“The Lord is good to those whose hope is in Him, to the one who seeks Him; it is good to wait quietly for the salvation of the Lord.”
It’s a word that Stephen Parker just can’t shake when it comes to the National Law Enforcement Retreat (NLER).
The Charlotte-Mecklenburg (North Carolina) Police detective said he felt liberated in 2014 after he attended the first retreat at the Billy Graham Training Center at The Cove with his wife Cheryl. That’s when—for the first time—the Parkers realized they weren’t alone in the spiritual hardships that law enforcement officials face.
And on Monday night, six years after that first NLER, Parker drew upon the same word. Only this time he dressed it a little differently. This time it was more personal. He rubbed his already red eyes and sat down in The Cove’s auditorium where he had just shared his testimony, including excerpts from his journal, for the first time.
“It’s painfully liberating,” Parker said, leaning back into the seat. “It was really hard for me to talk about this, and I put it off for a long time.”
Parker is now in his fourth year as a speaker for the National Law Enforcement Retreat, hosted by the Billy Graham Rapid Response Team. Many law enforcement officials find his messages relevant because he often teaches Biblical truths as if they were a police case review. One time, his message centered on “If Jesus Were a Cop.” He uses hilarious, somewhat safe, personal anecdotes to drive his messages.
But during the kickoff for this year’s NLER, Parker shelved his usual approach in favor of sheer vulnerability. He didn’t want to. In fact, he had something else planned until this past June. Earlier this year, his wife Cheryl pointed out that nobody really knew his story. And ultimately, God made it clear it was time.
So on Monday night before hundreds, Parker dug deep and shared his testimony. The highly decorated detective talked about his downward spiral and hitting bottom around 2012. That’s when he considered eating his gun simply because he had lost hope. He especially highlighted how Cheryl suffered through his period of darkness. They had begun to live separate lives. He stayed in his darkness. She worked, took care of the kids and ran the house. She felt somewhat blindsided by how deep in the pit he had gotten until he just couldn’t hide it anymore. That was 2013, the year he also began journaling thanks to the advice of a close, faithful friend.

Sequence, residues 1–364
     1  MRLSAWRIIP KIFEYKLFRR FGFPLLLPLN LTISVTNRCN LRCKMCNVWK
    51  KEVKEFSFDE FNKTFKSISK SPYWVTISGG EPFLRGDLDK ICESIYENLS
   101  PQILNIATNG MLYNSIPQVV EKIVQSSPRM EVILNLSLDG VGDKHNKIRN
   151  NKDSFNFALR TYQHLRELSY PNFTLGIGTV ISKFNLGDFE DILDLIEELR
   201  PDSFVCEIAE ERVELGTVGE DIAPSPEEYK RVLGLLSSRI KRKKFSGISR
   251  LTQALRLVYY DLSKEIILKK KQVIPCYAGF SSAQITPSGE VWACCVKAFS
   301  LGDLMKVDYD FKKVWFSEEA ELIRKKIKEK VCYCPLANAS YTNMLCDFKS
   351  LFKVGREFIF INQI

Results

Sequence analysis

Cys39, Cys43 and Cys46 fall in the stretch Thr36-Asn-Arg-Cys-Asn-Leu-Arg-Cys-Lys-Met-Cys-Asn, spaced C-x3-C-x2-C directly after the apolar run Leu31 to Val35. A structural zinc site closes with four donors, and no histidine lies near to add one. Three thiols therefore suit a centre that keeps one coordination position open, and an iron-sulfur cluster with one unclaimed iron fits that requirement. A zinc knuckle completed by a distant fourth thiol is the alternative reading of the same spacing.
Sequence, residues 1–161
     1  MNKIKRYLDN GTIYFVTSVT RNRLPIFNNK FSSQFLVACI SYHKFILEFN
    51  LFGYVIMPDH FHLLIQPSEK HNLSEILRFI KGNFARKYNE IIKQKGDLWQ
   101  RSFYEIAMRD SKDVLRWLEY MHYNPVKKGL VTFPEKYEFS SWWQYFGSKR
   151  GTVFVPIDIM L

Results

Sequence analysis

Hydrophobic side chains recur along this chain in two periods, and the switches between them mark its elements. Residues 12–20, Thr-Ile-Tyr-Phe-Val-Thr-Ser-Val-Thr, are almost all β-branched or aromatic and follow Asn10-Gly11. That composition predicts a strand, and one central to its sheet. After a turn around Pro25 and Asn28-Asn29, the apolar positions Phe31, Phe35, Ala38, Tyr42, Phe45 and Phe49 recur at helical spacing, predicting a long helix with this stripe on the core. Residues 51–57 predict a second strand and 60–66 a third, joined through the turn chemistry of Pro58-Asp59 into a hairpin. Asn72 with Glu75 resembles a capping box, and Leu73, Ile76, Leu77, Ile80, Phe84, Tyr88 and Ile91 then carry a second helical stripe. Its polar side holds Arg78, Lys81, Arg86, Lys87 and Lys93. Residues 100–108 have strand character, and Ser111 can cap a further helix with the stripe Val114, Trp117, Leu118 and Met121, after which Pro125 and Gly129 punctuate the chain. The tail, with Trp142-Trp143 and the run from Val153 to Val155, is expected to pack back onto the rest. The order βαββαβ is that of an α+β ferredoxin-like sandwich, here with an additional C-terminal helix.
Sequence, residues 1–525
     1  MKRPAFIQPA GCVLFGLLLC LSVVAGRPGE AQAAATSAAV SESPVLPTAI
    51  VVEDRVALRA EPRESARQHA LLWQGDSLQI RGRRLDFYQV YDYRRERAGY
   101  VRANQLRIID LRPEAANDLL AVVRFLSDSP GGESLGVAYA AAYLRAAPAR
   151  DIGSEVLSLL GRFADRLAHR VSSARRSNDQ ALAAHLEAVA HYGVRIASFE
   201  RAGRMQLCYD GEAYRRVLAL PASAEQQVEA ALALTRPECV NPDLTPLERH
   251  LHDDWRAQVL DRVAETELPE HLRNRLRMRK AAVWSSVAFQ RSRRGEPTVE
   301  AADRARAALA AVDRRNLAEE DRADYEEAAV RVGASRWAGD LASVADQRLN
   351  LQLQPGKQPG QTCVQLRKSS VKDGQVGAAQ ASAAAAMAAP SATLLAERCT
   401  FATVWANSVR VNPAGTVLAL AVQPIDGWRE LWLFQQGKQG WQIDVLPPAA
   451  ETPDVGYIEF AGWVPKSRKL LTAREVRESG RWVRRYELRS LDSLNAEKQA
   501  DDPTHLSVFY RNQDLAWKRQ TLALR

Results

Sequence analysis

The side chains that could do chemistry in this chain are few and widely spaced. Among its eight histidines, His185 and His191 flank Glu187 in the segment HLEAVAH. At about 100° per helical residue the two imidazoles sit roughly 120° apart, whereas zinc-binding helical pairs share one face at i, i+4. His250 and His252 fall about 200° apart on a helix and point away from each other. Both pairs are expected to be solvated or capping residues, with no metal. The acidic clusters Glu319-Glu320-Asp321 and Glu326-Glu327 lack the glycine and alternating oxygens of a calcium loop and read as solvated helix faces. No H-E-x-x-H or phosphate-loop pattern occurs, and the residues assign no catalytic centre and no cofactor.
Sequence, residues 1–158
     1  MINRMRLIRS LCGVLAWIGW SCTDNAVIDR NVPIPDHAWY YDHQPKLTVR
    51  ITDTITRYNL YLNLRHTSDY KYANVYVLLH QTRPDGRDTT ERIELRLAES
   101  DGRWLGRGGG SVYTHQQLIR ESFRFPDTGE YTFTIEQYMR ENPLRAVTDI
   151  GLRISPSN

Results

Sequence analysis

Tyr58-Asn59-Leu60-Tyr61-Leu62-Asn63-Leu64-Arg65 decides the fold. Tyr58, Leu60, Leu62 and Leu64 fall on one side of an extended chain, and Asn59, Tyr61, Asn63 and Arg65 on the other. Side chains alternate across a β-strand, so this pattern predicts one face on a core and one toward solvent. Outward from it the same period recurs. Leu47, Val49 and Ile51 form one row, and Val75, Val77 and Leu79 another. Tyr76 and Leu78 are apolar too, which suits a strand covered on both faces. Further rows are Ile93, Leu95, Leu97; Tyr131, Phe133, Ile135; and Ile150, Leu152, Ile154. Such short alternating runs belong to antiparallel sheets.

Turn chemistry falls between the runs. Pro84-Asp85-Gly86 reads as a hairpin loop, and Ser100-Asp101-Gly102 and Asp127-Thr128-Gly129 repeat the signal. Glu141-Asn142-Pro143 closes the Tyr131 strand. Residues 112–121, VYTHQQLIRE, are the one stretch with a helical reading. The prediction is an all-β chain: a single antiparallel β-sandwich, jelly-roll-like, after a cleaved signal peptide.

He read some excerpts aloud on Monday for the first time, pausing frequently to collect himself.
March 2013: To fix me, I must fix us … two lonely people walking together.
May 2013: I really believe there is no difference between being alone and being dead. Pink Floyd was right, I have become “comfortably numb.”
July 2013: My God and my Father, I have nothing to offer you but myself. … Help me Father.
October 2013, while awaiting the trial of a three-year case: I’m proud of my accomplishment, but was the price I paid worth it? … I’m sorry for all I missed, the tears I have caused, and for what I became. Now, at the end, I reflect and see what a terrible life it was. Forgive me Lord and lead me home.
November 2013: I have learned so much this year, Jesus is the answer for everything. … I hear Him say, ‘Stay focused on Me, stay focused on Me.’ Help me Lord to love You more.
“Parker knows it’s not about me. It’s about the God that saved me, the God that healed me, the God that gives me hope,” emcee and fellow Rapid Response Team chaplain Kelly Burke later said. “It’s about the God that gives me capacity to be a great cop.
“All the arrests and all the accolades, that’s all going to burn. But what [Parker is] doing now in reflecting God’s hope, God’s light through that broken vessel, is showing these other officers that there’s at least one person who understands where they are.”
Colleagues who knew Parker before Jesus got a hold of his heart admit he was a great cop, but man was he hard to be around. That changed once Parker surrendered to the Lord. Now others gravitate toward him.
“He’s genuine, and he loves the Lord,” said Biblical counselor and fellow NLER speaker Denise Molatch, who first met the Parkers at the 2014 retreat. “He reminds me a lot of my [late] husband because he taught self-defense and literally he could hold his own with anyone, yet he had the softest, sweetest spirit.
“That attracts a lot of police officers. They see that spirit within him, so they’re amazed by that.”
Parker’s message didn’t trigger too many laughs this time around. Yet his raw, authentic approach resonated. Men and women wiped their eyes. Some affirmed Parker with an “Amen” here and there as he illustrated with God’s Word how God meets us where we are. He shared several passages of Scripture, but particularly focused on Lamentations 3 where the prophet Jeremiah believed he dwelled in darkness, out of God’s earshot. But that same man, Parker said, goes on to say God’s steadfast love never ceases.
That truth is one that he and Cheryl came to focus upon during what they now call their years of misery, Parker said. Now, his prayer every day is “God, show me Your glory.”
“It’s only through the love and the steadfast mercy of Jesus Christ that we can say it is well with me,” Parker said in closing, citing a popular worship song the audience sang just before his message. “I know there’s pain in this room. I know there are marriages that need help, and I know there are people sitting here that feel walled off and forgotten by God. You have not been forgotten. He’s waiting. For you.”
The next National Law Enforcement Retreat will be held in Texas next March. Learn more.